A lot of people leave the email in the inbox after they’ve replied to it, but I normally archive it afterwards, as I trust the other person would get back to me. If I want to make sure I get a reply (maybe in a few days' time) I’ll then snooze the message and follow-up if there’s no response.

    I sort and deal with each message as I go. The only folder we have a ‘reply’ folder for subscriber emails (which we also follow the same principle — once it’s dealt the email gets moved about of the folder).

    What’s your favorite Mailbutler feature?

    I use Snooze and Tracking features a lot, especially for sales, as knowing someone has read my proposal is really important.

    I also like the Notes feature a lot — when I’m going through my email I can drop notes within the message — this is something that I haven’t seen before from other email applications.

    It’s really useful, as I can write a few lines about my response, thoughts or questions for the next call.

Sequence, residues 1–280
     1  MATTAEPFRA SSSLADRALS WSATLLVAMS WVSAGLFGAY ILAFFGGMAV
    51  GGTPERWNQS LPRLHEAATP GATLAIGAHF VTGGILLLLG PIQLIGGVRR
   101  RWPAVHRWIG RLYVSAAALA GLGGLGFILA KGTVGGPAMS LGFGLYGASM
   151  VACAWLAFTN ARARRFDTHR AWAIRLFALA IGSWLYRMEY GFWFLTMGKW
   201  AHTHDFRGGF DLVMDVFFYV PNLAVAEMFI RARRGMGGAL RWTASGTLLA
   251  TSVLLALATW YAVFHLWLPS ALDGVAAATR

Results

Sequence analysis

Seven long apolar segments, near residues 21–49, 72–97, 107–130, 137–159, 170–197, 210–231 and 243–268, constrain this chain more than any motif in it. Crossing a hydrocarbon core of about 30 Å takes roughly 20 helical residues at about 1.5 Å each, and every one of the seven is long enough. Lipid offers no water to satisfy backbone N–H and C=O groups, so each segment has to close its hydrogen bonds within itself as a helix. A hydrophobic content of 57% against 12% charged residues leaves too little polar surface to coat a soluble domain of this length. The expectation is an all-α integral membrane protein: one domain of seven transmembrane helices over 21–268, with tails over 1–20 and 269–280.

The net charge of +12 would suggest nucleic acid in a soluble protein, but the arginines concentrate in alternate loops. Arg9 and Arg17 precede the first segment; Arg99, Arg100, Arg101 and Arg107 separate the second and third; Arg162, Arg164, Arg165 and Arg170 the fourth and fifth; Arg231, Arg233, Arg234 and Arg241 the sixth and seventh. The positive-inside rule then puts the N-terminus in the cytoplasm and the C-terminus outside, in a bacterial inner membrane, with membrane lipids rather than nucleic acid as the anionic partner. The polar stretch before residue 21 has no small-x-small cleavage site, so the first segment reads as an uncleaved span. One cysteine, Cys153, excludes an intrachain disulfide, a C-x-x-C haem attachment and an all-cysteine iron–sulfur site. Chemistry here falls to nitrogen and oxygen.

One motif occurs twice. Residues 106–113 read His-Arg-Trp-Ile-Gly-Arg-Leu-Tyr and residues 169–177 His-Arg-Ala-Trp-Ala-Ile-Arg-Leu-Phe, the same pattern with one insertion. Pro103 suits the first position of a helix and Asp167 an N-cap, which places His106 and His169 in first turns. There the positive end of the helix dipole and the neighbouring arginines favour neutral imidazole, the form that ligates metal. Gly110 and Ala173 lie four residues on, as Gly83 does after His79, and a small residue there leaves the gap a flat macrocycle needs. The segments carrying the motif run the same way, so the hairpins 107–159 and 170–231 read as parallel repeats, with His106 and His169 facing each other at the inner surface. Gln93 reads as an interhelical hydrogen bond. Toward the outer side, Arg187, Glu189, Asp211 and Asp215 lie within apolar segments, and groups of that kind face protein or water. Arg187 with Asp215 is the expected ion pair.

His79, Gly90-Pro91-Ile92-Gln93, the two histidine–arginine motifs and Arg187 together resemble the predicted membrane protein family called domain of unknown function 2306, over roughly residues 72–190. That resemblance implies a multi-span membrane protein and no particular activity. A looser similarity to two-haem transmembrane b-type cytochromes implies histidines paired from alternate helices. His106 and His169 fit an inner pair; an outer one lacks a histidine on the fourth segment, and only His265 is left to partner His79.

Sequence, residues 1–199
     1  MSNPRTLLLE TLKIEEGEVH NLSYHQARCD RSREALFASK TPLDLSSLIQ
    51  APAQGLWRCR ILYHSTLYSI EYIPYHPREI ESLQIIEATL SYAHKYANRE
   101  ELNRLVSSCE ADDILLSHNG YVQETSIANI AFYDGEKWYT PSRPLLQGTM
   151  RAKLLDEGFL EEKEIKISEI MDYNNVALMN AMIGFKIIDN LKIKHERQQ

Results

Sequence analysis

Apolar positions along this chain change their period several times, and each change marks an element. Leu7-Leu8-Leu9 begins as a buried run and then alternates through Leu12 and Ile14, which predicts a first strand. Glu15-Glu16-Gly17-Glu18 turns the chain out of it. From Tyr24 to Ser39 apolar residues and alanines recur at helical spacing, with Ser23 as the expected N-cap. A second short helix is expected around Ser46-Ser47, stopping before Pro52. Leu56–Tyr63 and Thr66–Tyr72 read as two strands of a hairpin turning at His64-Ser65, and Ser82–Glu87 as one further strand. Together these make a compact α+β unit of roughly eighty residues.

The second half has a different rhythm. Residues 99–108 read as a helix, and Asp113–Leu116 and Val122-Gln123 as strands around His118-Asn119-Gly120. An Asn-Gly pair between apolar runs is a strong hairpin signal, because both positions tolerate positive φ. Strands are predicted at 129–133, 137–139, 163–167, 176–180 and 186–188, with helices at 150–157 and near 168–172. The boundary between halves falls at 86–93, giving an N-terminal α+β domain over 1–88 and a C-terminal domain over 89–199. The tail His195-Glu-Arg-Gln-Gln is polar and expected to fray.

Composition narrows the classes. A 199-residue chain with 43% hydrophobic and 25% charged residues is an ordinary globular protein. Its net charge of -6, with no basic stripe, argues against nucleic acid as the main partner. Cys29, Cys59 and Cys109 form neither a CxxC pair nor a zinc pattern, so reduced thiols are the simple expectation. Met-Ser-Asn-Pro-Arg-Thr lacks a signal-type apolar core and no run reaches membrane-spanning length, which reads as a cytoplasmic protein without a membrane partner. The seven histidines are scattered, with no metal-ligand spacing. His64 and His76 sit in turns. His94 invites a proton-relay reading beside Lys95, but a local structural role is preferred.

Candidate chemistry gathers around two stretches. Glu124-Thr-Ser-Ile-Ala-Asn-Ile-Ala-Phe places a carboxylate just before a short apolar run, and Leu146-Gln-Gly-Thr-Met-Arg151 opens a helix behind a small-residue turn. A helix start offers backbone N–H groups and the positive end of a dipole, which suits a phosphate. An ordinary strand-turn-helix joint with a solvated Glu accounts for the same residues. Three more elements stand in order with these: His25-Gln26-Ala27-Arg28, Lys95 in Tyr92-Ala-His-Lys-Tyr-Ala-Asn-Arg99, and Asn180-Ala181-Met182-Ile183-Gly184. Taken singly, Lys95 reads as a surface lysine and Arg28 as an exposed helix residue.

Do you like emails and do you think it will be replaced soon?

    I don’t think it’s going away soon. From a marketing perspective, it’s a more intimate way of contact compared to social media.

    I think there’s often a stigma around emails: ‘I hate emails’, ‘I get so many messages’, ‘email is so horrible’…you often hear these comments only from people that are struggling with their inboxes. I actually like emails and I enjoy going through them.

    For me it’s simple — I unsubscribe from all things I don’t want to hear about and try to cut down on the noise. Rather than archiving unwanted emails, I just unsubscribe from them.

    I enjoy the process of being productive, the satisfaction of having a system that works very well, which obviously the email is a huge part of that.